E3 Is Too Crowded Now (And That Sucks)
The Public Is Taking Over What Is Traditionally a Professional EventPhotos courtesy of Getty Images Games Features E3 2017
If you follow any videogame journalists on social media, you’re probably aware that E3 2017 is an overpacked shitfest. The lines, which have always been long, have taken on a new, final boss form that makes the years past look tranquil by comparison. This year, the ESA decided to open up admission to the public—a not entirely new move, given the limited, and expensive, tickets available to fans in the past. But whereas once the scarcity and cost created a reasonable barrier to entry, now the floodgates have opened. In fact the Electronic Software Association claims to have sold 15,000 general admission tickets while scaling back admittance for media and press. While it may be “good” for the show’s future in terms of finances, the question remains: is this really good for the health of the show?
As an illustration of how much bigger the E3 crowd is this year, consider the lines leading up to the front doors before the show opens in the morning. In the past, these never extended beyond the convention center entry. When I took a cab up to South Hall an hour before the show started on Tuesday morning, the throngs were so thick they had extended all the way to the edge of the sidewalk, with almost no way to get through. South Hall typically was the emptier of the two, despite its reputation as “the” place for the larger, showier booths with statues and garish displays. Are the booths in South Hall like that this year? Hard to say. I couldn’t get close enough to tell. My E3 log last year remarked that it was easy to get pictures with the show floor so empty. E3 2017 seems to be an overcompensation.
Amid the chaos Tuesday, I managed to get in some time in with Call of Duty WWII and Destiny 2, but only because I had an appointment—the open demo areas for Destiny 2 were flooded and shut down literally within 3 minutes of the show opening, while most of the attendees had yet to even make it through the sliding glass doors at the bottom of South Hall’s escalators. According to Polygon, the ESA even opened up the show floor fifteen minutes early to “avoid a hazard,” but you could have fooled me. At thirty minutes past the show floor’s official opening, there were still people in line filtering in, and no one could easily move through the hallways, due to clusters of gawking fans and socializing game execs who, for whatever reason, felt compelled to stop wherever they are and force people to shuffle around them.
So exactly what is the plan here, ESA? I can’t imagine fans will want to return if they can’t even get in to see the games they like. One of my friends gave up before even getting inside. And journalists are starting to figure out that they can cover the show just as well from home as they can from LA. So what future is there, really? Will E3 just be another PAX? Because PAX West is in my hometown within walking distance and it’s only two months after E3. It feels like there are more effective ways of spending my time and money and I can’t imagine fans won’t feel the same after this experience.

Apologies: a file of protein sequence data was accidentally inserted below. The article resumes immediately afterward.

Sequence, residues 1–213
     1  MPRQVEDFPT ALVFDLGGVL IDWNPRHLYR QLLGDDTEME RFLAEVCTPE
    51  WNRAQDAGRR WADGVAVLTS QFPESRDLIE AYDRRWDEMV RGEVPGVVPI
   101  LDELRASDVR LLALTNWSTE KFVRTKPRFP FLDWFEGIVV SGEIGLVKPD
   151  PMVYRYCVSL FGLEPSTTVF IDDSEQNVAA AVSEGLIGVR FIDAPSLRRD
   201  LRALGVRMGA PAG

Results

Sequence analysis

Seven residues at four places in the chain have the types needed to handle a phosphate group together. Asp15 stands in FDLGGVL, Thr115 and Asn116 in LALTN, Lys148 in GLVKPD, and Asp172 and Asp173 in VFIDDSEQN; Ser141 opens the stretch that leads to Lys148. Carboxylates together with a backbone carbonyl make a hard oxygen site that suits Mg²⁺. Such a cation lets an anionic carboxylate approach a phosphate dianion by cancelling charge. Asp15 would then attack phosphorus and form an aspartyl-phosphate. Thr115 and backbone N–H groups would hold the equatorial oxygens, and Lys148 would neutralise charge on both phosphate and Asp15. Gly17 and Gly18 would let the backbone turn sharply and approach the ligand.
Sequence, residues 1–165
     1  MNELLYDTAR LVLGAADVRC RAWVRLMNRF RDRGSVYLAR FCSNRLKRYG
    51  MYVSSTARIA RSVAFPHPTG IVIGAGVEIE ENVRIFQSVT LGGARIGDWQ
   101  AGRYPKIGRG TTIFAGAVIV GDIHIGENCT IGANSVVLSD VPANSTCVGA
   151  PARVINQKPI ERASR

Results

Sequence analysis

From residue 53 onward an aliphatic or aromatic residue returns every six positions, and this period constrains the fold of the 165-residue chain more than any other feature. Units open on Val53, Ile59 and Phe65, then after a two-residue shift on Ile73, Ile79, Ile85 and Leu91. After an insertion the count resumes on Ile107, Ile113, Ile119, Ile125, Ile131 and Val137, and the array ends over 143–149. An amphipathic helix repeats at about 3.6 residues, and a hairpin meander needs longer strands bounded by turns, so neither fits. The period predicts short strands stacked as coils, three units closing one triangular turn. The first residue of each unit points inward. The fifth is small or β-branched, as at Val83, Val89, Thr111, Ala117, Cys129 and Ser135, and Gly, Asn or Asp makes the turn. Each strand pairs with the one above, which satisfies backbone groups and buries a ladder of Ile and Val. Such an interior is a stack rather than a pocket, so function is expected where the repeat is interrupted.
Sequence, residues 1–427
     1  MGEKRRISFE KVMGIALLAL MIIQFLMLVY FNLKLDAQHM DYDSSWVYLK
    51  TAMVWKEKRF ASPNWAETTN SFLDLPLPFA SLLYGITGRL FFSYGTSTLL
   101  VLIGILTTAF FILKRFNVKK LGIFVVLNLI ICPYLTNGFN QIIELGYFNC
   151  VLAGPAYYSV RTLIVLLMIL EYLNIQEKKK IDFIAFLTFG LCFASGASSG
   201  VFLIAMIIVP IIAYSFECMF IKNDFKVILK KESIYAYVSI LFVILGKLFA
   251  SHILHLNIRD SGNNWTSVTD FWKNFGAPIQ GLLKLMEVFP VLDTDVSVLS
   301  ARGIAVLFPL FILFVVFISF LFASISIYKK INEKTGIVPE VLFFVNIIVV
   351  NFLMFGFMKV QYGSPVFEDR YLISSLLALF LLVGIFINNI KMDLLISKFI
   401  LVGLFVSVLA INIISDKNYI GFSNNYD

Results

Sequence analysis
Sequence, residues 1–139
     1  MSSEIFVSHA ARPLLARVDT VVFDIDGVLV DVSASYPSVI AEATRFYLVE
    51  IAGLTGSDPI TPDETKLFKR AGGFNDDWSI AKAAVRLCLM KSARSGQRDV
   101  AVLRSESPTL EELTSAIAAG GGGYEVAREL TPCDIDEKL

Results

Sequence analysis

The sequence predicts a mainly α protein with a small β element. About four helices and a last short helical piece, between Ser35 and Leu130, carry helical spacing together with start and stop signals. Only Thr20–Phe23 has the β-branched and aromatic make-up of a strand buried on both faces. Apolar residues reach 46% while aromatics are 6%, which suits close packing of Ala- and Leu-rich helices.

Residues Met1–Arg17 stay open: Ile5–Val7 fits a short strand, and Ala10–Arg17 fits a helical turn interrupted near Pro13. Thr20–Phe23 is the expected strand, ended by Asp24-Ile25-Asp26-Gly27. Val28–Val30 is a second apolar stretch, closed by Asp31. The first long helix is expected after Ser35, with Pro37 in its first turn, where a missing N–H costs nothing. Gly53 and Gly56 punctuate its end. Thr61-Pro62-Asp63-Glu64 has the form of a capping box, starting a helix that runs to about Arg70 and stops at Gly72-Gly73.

Thinking back to PAX, I wonder if overcrowding will ever be an issue that convention centers can adequately solve. Booths are expensive endeavors that the big publishers have no problem affording, and yet there are never enough demo stations. And even if there were, who could possibly anticipate the demand? It’s almost impossible to gauge pre-release interest well enough to predict booth attendance numbers. PAX has always been subject to immediate sell-out status whenever tickets are posted, and I remember the days of watching my friends on Twitter lament the instant scarcity. This has diminished only slightly since more shows (Boston, Australia, Texas) were added. Can the demand from fans ever be satiated? Why does this happen with videogames? Have we established the medium as such an escapist fantasy that their enthusiasm is inescapably intense? Where does the demand end—when they’ve become jaded and cynical after being deceived by demos and trailers too many times? Welcome to being a game journalist, I guess.
Which is better, publishers? Disappointing your fans through a journalist proxy, or doing it directly yourselves by offering demos and trailers that will inevitably be a let-down from the real thing? As a journalist in tech, my job frequently takes on the role of consumer advocacy. Often it’s only us standing between a fan and a bad game. It’s a thankless task, often vilified by those who have idealized the unique access we’re allowed to devs and publishers. Are you sure you don’t want to use us as a buffer? At least when we’re the ones delivering the bad news, the fans have someone to blame other than you.
What is the future of E3? From where I’m sitting, it’s headed towards a fan convention, and the world already has enough PAXes. E3 also holds enormous appeal to those outside the industry specifically because of the special access the event affords. With that element removed, it’s possible that fan interest will drop off anyway. If the ESA wishes to maintain the professional relevancy of E3, they need to scale back the public attendance (reduce available general admission tickets) so that the people who have a job to do can, ahem, do their job.
Can this happen in an industry that has built itself on hype, dreams and unfulfilled promises, where fan enthusiasm will always outpace caution and prudent skepticism? Only time will tell. But my guess is it can’t.
Holly Green is the assistant editor of Paste Games and a reporter and semiprofessional photographer. She is also the author of Fry Scores: An Unofficial Guide To Video Game Grub. You can find her work at Gamasutra, Polygon, Unwinnable, and other videogame news publications.